This book jumped back and forth from the 60’s to the present, all from Karen Hollander’s point of view, but it didn’t feel all over the plac
...more
Ashley FL
I received an ARC of this book from the Publisher. Based on the back copy, I was expecting a legal thriller and it took me a while to adjust to the book: it is most definitely not a legal thriller, but more of the main character's reminiscences and self-analysis of her experiences in the turbulent late 1960s. It is meandering and there is a lot of navel-gazing. I think if I had been prepared for that going in, I would have enjoyed the book more. It is long, and I spent many many pages waiting fo ...more
DR
I wish that this novel had lived up to the lure of the line: “I once set out to commit a spectacular murder, and people died.” Confessing to an unstated crime in a potentially best-selling memoir is Karen Hollander--a famous attorney who has withdrawn herself from consideration as a U.S. Supreme Court Justice. She’s been keeping a secret for 40 years--and, despite the confessional purpose of her narrative, she stays coy about specifics and mostly teases the reader or overloads with details about ...more
Viccy
To classify this as crime fiction does it any injustice. While crimes take place, it is their impact 40 years later that create the tension in the book. Karen Hollander is writing her memoirs. She has led an exemplary life, except for one small incident. Along with her best friends, Chuck Levy and Alex MacAllister, Karen believed in the ideals of King Arthur from T.H. White's "The once and future king", might does not make right. At Harvard, Karen, Chuck and Alex meet Buzzy Freeman, a Vietnam ve ...more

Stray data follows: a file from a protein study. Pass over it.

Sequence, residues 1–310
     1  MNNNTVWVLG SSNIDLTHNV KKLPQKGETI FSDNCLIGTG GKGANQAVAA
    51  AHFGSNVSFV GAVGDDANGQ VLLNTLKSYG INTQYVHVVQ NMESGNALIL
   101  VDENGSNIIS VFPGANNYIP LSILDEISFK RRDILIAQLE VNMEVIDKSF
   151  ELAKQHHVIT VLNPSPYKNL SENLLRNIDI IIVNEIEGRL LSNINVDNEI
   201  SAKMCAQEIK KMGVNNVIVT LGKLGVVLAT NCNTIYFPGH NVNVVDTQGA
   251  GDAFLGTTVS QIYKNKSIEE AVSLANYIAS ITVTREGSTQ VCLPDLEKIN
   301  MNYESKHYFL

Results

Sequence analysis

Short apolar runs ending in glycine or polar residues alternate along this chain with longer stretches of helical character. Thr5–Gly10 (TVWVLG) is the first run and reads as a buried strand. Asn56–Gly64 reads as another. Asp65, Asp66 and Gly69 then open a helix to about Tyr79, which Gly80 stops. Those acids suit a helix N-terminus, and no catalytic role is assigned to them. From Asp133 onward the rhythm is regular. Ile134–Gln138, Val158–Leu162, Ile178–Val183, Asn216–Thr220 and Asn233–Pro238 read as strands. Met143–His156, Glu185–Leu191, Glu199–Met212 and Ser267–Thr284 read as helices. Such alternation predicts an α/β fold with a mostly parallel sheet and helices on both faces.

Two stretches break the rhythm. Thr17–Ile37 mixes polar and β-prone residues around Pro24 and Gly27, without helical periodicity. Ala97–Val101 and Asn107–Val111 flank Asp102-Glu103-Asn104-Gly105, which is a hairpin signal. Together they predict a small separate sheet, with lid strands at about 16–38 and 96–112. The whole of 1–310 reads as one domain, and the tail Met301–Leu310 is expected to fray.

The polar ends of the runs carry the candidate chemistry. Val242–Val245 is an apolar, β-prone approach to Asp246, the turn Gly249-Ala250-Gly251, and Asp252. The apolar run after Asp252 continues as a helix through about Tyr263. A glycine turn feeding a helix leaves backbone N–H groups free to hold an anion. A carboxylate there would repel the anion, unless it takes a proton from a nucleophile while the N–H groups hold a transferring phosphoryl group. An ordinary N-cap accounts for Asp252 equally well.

Debbie
Bor-ing! If you were a radical in the 1960s, you’ll love this book. But if you’re like me and went to a couple of peace rallies and then happily sauntered back to your apartment to water your plants and drink chamomile tea, you might find this book to be one big yawn. I like a clever story, not a lecture on history and politics; not a treatise that smothers a weak storyline and calls itself fiction.

Anderson is smart and writes well, but his background in journalism makes him a better reporter th
...more
Mary
Karen Hollender is 64 years old and has decided to write the story of her life. She was recently on a short list of candidates for appointment to the U.S. Supreme Court but she has taken her name out of the running. In this novel, we find out why and what secret she has been hiding for many years.

In this wonderful book, we learn about Karen's loving, middle-class upbringing in Wilmette, Illinois. It is the early 1960's and she and her best friends Chuck and Alex are all James Bond fanatics and t
...more
Johnny
I got this book through First Reads and I was really excited to get it started. The book is a fictional autobiography of Karen Hollaender/Hollander, a prominent lawyer and academic who turns down a Supreme Court nomination. Early in the novel, we learn that Karen turned down the nomination because she was nervous that an incident from her past would be brought to light during the confirmation process. I will refrain from revealing this incident in my review so don't worry about spoilers.

Karen na
...more
David